Saint John of the Ladder

26 March 2017

Great Lent is a period of repentance, during which our stony hearts must become, through God’s grace, softened in the flesh, and move from being callous to being sensitive, from cold and hard to warm and open to others, particularly God Himself.

Saint John of the ladder with his companions, 11th Century byzantine manuscript

Great Lent is a time of renewal when everything, as is the case every spring, makes a new beginning and our sunless lives are again brightened by all the intensity that God can give us, making us His confidants, through the Holy Sacraments and His costly gifts. This reconciliation is a joy; for both us and for God – a new beginning.

The fourth Sunday of Lent is dedicated to Saint John of the Ladder and I’d like to present a few of his sayings which are related to the period we’re going through now.

“Repentance, that is the return to God, is the renewal of our baptism, the renewal of our pact with God, our promise to reform our lives. It’s a time during which we can acquire humility, which is peace, peace with God, with ourselves, with the whole of the created world. Repentance is born of hope, that is when we reject despair. And those who repent are the very people who deserve a guilty verdict- and yet leave the court without shame, since repentance is our peace with God.  And this is achieved through a life which is worthy of us, far removed from the sins which we committed in the past. Repentance is the cleansing of our conscience. It involves a complete liberation from sorrow and pain”.

It’s worth listening to these few words on prayer if we wonder how we are to achieve this, how we can respond to God, Who receives us like the father in the parable of the Prodigal Son, to God Who awaits us with longing and Who, though we’ve rejected Him, has never left our side: “Don’t us fancy words when you pray, because it’s often the simple and plain murmuring of children that delights our heavenly Father. When you speak to God, don’t try to say much, because otherwise your mind will be looking for words and will get lost in them. The few words spoken by the Publican brought him the mercy of God; a few words, full of faith, saved the robber on the cross. Varying the words when we pray scatters the mind and inflames the imagination. One word addressed directly to God harnesses the mind to His presence. And if, while you’re praying, this one word touches you on the inside, if you feel it deeply, stay within it. Stay, because at moments such as that, our guardian angel’s praying with us, because we’re truly ourselves and are with God”.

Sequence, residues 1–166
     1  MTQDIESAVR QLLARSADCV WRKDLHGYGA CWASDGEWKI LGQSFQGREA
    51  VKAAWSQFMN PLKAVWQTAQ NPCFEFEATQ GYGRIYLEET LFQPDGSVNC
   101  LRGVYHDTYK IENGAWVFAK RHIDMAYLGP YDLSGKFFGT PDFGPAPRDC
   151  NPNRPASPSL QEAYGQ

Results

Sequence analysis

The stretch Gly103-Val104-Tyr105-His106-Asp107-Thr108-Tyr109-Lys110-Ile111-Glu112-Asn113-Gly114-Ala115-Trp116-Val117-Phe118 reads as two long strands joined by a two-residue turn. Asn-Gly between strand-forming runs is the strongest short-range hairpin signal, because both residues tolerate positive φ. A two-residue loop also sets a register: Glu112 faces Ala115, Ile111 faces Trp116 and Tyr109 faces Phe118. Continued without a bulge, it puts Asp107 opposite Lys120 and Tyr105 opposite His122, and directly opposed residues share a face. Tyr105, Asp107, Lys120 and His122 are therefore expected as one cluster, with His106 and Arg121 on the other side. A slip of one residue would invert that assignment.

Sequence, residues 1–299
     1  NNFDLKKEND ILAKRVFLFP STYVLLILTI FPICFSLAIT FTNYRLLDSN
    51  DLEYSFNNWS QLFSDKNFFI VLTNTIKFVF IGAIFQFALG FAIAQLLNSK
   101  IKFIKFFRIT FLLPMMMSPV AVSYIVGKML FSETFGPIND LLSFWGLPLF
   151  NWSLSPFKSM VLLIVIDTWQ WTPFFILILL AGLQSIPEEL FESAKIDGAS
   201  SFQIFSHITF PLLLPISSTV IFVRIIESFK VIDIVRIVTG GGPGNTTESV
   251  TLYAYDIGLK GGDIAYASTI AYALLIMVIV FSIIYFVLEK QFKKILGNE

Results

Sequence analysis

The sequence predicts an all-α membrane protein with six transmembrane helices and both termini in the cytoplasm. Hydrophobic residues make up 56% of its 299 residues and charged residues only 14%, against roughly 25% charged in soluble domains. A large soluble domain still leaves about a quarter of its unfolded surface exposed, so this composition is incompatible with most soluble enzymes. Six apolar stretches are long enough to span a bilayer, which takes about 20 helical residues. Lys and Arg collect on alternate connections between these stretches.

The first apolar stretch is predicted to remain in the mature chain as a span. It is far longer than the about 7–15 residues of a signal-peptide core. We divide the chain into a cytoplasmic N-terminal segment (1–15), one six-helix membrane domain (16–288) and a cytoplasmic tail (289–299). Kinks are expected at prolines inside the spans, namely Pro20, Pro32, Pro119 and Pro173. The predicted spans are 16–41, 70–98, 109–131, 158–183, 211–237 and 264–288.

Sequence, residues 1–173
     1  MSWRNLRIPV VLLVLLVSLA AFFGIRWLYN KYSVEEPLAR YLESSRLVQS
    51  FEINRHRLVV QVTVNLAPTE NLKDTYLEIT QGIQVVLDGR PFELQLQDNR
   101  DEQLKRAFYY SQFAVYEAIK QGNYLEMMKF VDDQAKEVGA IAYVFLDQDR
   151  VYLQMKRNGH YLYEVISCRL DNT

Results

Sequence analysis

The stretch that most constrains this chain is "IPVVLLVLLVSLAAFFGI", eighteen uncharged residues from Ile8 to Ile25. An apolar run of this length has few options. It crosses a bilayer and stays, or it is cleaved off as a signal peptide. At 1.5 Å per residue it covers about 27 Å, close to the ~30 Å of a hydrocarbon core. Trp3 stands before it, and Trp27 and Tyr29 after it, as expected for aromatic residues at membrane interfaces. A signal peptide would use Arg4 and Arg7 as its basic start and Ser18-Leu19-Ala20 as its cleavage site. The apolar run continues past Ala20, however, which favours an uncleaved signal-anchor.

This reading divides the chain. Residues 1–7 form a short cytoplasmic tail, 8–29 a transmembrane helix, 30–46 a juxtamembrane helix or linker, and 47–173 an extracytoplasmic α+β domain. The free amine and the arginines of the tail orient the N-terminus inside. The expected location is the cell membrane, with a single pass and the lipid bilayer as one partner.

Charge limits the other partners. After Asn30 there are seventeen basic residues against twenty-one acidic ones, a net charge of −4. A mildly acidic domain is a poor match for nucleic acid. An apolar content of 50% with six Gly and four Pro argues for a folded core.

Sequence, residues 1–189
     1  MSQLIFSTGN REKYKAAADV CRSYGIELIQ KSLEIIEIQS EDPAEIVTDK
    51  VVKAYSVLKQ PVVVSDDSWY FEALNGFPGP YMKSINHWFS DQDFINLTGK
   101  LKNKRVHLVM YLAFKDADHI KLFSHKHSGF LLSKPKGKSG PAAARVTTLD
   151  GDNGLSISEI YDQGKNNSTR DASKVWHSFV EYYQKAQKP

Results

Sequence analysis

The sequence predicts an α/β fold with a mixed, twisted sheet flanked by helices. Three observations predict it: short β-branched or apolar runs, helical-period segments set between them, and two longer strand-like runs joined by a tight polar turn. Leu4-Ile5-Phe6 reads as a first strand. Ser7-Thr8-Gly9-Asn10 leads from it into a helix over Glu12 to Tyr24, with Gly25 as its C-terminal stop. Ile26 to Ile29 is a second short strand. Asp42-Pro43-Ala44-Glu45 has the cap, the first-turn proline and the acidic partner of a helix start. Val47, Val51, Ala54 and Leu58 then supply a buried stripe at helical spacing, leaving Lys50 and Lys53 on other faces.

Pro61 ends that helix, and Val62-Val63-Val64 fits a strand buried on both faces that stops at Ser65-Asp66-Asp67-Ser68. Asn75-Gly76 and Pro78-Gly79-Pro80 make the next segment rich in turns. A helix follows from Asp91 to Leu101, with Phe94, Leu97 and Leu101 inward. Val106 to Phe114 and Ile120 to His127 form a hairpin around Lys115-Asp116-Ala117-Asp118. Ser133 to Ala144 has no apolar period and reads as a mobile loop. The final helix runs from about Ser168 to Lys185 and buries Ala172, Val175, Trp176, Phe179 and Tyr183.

Let’s not forget those words by Saint John of the Ladder.

Let’s remember his words because he was a person who knew what it means to turn to God, to be God’s joy and to exult in Him. This period is offered to us, as we proceed towards the days of the Passion, as an example of what the grace of God can achieve in transforming an ordinary and normal person into a light for the world.

Let’s learn that, let’s follow his example, let’s rejoice at seeing how the power of God can work within people and, with faith, with confidence, with triumphant and also peaceful joy, let’s follow his example, let’s listen to God imploring us to find the path of life and telling us that with Him and in Him we shall truly live, since He is the way, the Truth and Eternal Life (Anthony Bloom).

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